You are here:   Features > Conor Cruise O'Brien and an African tragedy

As an authoritarian Afrikaner nationalism gave way to an equally authoritarian African nationalism and the years slipped by, the Conor Cruise O’Brien affair remained a key point of reference for South African liberals who saw it as beginning of a slide away from civil rights under ANC governance. Chaskalson was appointed the first head of the country’s Constitutional Court, while Ismael Mohamed was made head of the Supreme Court of Appeal. Kader Asmal returned in triumph from Ireland to become a minister in the ANC government. Dr Welsh continued his distinguished career at UCT through to retirement but expressed complete alienation from the institution in the wake of the O’Brien affair. His magisterial work, The Rise and Fall of Apartheid, signals his honorary attachment to Stellenbosch University and makes no mention of UCT.

A generation later in 2015-2016 the Rhodes Must Fall movement began at UCT when a student threw a bucket of faeces over Rhodes’s statue in an event carefully planned with the ANC-supporting Cape Times, who helpfully had a photographer on hand at that exact moment. Gradually the Rhodes Must Fall movement morphed into a demand for free university education and for the “decolonisation” of higher education.

Rhodes Must Fall was a wholly unelected movement (which often included township activists brought onto the campus to swell its ranks) and it used violent means to gain its ends. Hundreds of paintings belonging to the university were hauled out and burnt, the Vice-Chancellor’s office was burnt down and on other campuses copycat action followed in which all manner of student residences, libraries and lecture halls were torched. Other students and faculty were intimidated, rapes occurred, syllabi were changed under threat and all manner of university norms violated. Faculty morale plummeted, with many academics seeking to leave UCT or take early retirement. UCT fell sharply in the international university rankings and applications from foreign graduate students fell too, as did alumni donations.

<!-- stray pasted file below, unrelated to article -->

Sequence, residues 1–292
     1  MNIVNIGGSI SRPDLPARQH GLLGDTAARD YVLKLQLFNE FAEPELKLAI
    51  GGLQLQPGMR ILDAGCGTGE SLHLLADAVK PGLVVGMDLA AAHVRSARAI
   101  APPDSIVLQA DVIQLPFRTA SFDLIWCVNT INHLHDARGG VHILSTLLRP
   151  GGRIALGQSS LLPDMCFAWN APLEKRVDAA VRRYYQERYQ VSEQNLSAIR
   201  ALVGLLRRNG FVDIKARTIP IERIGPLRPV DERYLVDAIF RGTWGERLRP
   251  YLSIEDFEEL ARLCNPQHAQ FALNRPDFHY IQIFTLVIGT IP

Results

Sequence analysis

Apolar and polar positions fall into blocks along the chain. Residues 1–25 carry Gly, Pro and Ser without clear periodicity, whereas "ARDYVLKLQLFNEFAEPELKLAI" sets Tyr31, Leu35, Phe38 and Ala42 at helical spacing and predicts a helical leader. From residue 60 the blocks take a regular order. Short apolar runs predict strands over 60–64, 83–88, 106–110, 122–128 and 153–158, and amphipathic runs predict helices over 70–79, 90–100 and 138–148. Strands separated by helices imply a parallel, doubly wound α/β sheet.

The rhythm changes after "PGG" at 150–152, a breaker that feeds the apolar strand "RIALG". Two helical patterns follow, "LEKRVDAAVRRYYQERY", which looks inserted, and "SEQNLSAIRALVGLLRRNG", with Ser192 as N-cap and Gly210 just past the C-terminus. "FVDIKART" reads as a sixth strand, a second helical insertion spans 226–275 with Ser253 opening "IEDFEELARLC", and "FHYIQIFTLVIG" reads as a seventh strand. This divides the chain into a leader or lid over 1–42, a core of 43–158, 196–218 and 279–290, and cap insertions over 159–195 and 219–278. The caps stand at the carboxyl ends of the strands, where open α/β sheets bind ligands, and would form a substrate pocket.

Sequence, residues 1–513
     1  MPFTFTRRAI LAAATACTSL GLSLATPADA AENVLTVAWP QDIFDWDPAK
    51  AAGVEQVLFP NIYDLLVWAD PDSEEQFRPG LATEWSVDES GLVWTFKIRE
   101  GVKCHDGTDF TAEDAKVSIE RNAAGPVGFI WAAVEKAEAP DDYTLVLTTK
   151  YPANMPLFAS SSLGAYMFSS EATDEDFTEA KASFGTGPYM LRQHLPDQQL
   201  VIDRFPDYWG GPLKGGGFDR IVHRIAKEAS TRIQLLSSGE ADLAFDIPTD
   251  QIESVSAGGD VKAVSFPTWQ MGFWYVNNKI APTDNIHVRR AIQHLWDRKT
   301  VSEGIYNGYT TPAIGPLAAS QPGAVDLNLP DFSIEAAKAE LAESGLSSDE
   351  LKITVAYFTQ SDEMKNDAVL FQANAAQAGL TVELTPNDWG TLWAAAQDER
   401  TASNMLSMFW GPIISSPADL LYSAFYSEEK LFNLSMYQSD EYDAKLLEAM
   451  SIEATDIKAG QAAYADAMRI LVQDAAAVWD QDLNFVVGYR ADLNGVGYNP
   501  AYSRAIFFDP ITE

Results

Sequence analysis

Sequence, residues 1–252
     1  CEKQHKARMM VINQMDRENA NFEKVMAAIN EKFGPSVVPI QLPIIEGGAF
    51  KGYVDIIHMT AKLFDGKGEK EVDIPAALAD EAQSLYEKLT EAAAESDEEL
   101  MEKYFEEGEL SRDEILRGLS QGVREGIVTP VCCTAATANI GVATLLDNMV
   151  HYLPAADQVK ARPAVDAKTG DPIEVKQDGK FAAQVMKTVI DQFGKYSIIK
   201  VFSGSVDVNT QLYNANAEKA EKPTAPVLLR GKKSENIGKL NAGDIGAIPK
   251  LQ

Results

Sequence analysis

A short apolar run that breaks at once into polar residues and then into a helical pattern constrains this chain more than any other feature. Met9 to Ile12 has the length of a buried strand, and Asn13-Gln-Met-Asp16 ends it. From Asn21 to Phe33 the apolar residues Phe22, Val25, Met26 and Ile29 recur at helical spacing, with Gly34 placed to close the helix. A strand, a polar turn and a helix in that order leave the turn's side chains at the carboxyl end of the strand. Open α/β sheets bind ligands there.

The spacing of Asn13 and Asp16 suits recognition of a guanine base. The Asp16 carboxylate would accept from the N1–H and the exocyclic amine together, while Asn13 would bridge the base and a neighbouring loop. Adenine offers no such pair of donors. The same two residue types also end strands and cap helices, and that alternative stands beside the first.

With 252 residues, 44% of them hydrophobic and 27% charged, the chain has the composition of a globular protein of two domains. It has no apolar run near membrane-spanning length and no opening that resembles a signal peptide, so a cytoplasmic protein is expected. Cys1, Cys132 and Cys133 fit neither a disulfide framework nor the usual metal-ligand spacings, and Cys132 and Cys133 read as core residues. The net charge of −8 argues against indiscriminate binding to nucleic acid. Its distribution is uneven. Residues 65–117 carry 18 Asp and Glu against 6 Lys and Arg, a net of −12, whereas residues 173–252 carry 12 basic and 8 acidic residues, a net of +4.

The Vice-Chancellor, Dr Max Price, again followed a strategy of accommodation, exculpating the Rhodes Must Fall activists, even those found guilty of violence, agreeing to “decolonise” the university and to do it in conjunction with the activists. The university agreed to set up its own version of the Truth and Reconciliation Commission to inquire into the guilt of the university and its faculty under apartheid. In effect the authorities’ decision to take the path of all-out concession meant that faculty felt completely unprotected from the intimidation that was now rife. But every new concession was denounced as insufficient by the activists who had demanded it, causing the authorities to make yet further concessions. The era of the Red Guards had indeed arrived. It was not clear what would be left of South African higher education at the end of this tumult. Older faculty members looked back to the O’Brien affair, sighed, and wondered if it might have been different.
View Full Article

Post your comment

This question is for testing whether you are a human visitor and to prevent automated spam submissions.